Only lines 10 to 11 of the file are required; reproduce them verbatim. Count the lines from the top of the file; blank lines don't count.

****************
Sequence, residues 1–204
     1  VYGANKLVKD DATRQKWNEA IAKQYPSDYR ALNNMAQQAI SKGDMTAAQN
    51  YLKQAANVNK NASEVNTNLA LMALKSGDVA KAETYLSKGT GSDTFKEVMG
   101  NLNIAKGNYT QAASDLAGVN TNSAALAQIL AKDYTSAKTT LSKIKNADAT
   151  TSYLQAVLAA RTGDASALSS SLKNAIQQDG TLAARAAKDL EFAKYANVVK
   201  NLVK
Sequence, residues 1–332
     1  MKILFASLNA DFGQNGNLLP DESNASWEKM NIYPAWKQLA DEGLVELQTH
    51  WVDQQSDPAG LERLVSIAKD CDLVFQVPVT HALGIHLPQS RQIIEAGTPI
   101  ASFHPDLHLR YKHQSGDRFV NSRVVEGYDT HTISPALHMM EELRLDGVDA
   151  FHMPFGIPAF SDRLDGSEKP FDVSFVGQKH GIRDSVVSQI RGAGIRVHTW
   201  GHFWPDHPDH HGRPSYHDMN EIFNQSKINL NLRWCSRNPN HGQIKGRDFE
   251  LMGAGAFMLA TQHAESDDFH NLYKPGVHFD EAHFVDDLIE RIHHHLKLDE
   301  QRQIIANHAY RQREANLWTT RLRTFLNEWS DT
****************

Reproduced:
   101  ASFHPDLHLR YKHQSGDRFV NSRVVEGYDT HTISPALHMM EELRLDGVDA
   151  FHMPFGIPAF SDRLDGSEKP FDVSFVGQKH GIRDSVVSQI RGAGIRVHTW